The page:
MEXICO CITY, April 18 Four Senate commissions on
Thursday approved a major overhaul of Mexico's
telecommunications sector that aims to loosen tycoon Carlos
Slim's hold on the phone market and end broadcaster Televisa's
dominance of the airwaves.
The bill aims to stir up competition in the industry by
allowing more foreign investment, and by giving regulators the
power to force dominant players in the market to sell assets.
The full Senate is due to vote on the bill Friday.
The reform defines dominant players as those controlling
more than half of their respective markets. If declared
dominant, companies will not automatically be forced to sell
assets if regulators believe they are not impeding competition.
Slim's phone company America Movil controls some
80 percent of the fixed line business and around 70 percent of
the mobile market. Televisa has more than 60
percent of the TV market.
The bill unanimously approved by the Senate commissions was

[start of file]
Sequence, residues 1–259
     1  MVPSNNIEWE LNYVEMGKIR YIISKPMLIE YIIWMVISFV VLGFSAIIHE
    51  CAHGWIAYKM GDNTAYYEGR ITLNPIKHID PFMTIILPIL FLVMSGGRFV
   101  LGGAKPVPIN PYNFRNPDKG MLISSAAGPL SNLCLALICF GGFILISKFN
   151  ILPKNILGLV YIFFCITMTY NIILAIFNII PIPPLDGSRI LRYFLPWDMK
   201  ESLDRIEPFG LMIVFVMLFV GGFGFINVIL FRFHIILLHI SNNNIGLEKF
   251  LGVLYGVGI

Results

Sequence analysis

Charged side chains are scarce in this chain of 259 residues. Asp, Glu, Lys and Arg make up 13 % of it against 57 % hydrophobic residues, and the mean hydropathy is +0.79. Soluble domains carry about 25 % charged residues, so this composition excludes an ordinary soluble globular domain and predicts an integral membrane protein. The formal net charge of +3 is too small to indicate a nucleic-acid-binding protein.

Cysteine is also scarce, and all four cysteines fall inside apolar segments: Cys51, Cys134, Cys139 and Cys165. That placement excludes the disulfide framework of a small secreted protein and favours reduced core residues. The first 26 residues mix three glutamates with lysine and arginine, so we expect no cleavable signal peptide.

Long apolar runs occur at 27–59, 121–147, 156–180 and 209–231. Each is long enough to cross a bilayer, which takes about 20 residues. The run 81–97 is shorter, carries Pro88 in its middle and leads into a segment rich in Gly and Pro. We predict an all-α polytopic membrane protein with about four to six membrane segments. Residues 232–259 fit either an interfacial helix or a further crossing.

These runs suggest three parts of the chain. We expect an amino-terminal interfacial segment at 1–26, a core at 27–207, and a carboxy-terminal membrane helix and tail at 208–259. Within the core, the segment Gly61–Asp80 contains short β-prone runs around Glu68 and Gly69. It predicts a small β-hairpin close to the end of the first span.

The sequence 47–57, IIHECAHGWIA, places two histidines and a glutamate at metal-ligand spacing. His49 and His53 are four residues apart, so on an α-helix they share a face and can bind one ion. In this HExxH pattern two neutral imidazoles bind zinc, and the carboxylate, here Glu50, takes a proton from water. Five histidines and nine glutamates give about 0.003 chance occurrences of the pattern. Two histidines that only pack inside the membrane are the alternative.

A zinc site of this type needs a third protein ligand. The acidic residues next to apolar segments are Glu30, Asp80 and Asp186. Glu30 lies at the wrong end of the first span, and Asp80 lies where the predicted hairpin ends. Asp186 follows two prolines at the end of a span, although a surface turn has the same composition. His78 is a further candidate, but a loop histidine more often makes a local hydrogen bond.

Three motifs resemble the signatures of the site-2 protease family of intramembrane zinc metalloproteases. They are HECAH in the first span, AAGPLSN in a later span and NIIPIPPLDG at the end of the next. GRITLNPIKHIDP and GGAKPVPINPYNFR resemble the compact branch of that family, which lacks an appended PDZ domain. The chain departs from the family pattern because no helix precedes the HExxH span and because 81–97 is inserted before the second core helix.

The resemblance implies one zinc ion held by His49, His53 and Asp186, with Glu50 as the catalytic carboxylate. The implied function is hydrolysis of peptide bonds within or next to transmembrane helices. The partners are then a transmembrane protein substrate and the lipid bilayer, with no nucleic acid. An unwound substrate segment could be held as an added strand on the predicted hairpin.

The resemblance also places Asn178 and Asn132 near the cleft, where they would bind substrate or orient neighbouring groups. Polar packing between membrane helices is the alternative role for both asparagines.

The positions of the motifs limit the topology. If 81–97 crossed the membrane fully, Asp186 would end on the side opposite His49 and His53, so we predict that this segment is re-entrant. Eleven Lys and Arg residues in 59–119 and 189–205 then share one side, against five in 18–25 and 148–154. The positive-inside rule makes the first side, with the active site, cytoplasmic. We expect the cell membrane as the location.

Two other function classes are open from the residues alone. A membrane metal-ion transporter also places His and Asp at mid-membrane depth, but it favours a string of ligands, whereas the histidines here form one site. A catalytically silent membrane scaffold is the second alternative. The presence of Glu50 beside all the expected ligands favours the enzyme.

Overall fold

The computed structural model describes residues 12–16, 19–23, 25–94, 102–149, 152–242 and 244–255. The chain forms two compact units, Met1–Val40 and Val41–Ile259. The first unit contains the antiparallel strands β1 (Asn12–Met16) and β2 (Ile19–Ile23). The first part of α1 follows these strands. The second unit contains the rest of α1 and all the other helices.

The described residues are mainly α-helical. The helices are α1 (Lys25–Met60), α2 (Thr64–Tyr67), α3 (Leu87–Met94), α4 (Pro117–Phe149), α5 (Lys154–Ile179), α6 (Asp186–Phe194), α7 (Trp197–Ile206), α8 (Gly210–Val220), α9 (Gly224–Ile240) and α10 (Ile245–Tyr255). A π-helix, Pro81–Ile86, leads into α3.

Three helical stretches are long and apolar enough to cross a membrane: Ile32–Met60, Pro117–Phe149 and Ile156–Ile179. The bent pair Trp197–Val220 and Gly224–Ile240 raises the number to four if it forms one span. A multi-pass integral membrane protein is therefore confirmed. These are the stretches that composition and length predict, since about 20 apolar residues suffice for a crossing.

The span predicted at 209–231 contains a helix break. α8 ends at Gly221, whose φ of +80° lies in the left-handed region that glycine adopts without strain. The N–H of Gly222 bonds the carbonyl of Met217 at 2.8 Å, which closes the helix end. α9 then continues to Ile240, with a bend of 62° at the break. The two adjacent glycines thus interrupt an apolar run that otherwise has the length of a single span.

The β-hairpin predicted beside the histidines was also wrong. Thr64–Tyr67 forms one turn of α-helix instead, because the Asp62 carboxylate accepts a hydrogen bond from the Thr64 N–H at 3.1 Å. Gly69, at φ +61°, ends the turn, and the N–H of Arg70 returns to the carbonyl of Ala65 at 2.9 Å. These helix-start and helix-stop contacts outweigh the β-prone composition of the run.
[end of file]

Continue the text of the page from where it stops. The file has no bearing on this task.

largely unchanged from the version passed last month by the
lower house of Congress with a notable exception.
The revised document opened up the possibility of allowing
companies to suspend, pending appeal, fines or orders issued by
the main competition watchdog that they must divest assets.
That could water down the bill put forward by President
Enrique Pena Nieto, which sought to put an end to firms using
Mexico's byzantine legal system to fight regulatory decisions,
which Slim and Televisa have frequently done in the past.
However, the reform may still be modified before the Senate
If passed by the full Senate, the bill returns to the lower
house of Congress for approval. Lawmakers from Pena Nieto's
Institutional Revolutionary Party say the bill should be
approved next week.